Webinars and Online Courses
68. Emerging Identity Theories in Student Affairs Practice
Date/Time: Available as a Webinar Replay
Duration: 1 hour
Facilitator: Tracy Davis
As important as theory is, in developmental practice it can cause us to focus on our own mental frames and detach us from human interaction. This is particularly problematic with regard to practice using identity theory, where listening to lived experience and negotiating the complexities of contextually-influenced, mutually-shaped, and intersectional identities is critical. This webinar will explore various identity theories with a focus on how identity is socially constructed and contextually performed.
WHO SHOULD ATTEND:
- Participants will gain an introductory understanding of several identity theories used in student affairs practice.
- Participants will also will become familiar with the Multiple Dimensions of Identity model and how identities are socially constructed and contextually performed.
- Participants will be able to describe several contextual influences that impact identity performance and learn several general strategies for promoting studentsí learning and identity development.
- Student affairs staff desiring an update on emerging identity theories
- Student life staff
- Residence life staff
- Student services administrators
- Student affairs staff desiring a refresher course on theory
- Anyone wanting to deepen professional practice based on identity theory
is a Professor in the Department of Educational and Interdisciplinary Studies at Western Illinois University where he also coordinates the College Student Personnel Program. In 2011 he began serving as Director of the newly established Center for the Study of Masculinities and Men's Development. He has published widely regarding menís development, sexual assault prevention and social justice. Tracy co-edited, for example, Masculinities in Higher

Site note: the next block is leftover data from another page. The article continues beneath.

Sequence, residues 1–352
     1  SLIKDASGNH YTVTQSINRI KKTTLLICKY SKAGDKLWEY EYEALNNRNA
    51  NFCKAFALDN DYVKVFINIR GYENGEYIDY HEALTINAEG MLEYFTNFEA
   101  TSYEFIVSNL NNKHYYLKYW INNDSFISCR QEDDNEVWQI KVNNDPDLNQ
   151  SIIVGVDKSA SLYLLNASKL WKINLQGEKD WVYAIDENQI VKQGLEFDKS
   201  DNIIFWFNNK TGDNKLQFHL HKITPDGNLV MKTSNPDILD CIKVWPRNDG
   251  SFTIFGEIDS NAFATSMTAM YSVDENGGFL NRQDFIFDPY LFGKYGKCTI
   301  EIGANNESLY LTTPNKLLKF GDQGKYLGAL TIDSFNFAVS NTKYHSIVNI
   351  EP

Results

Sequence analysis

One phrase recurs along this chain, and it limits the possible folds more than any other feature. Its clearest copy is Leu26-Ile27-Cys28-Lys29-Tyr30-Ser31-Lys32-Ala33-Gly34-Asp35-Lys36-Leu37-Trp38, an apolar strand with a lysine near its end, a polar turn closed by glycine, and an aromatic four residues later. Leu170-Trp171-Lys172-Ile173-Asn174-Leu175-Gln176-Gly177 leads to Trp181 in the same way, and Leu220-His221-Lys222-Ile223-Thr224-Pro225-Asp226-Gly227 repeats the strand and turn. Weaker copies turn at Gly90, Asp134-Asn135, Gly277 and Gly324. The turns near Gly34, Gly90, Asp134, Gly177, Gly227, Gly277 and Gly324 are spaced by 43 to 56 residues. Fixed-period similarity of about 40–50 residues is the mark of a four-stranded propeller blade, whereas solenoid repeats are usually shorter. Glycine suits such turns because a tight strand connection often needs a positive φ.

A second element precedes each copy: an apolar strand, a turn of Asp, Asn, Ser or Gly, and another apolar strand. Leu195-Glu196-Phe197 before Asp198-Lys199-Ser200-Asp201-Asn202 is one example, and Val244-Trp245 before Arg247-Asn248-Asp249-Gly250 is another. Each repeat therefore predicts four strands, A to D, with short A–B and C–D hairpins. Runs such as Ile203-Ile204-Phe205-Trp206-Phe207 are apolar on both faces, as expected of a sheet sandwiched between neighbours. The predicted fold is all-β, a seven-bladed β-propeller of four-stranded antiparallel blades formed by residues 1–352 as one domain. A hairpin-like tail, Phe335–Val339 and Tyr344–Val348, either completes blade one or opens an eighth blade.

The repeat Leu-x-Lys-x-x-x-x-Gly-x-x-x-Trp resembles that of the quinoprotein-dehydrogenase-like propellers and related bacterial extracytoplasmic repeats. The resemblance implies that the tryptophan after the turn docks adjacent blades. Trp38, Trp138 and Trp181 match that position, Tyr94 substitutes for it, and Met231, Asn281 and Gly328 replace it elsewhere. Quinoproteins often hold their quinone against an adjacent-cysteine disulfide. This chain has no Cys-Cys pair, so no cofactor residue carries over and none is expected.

Education: Theoretical and Practical Considerations with Dr. Jason Laker in 2011, co-edited the 2013 Critical Perspectives on Gender in Higher Education: An ASHE Reader, and co-authored the New Directions monograph Developing Social Justice Allies .
His sexual assault prevention research has won numerous awards including both the American College Personnel Association (ACPA) and National Association of Student Personnel Administrators outstanding dissertation award. Tracy was also selected to the inaugural class of ACPA Emerging Scholars in 1999 and has received the ACPA SCM Outstanding Research Award, the Commission on Student Development Assessmentís Outstanding Assessment Article, and NASPA 2012 Men and Masculinities Knowledge Community Newly Published Research award. He was also selected to receive the 2013 ACPA Senior Scholar Award, the ACPA Annuit Coeptis award for Senior Scholars and the SCM Harry Canon Outstanding Professional in 2006. He is a frequent presenter, speaker and consultant on college campuses. Most importantly, he remains wildly unfinished.
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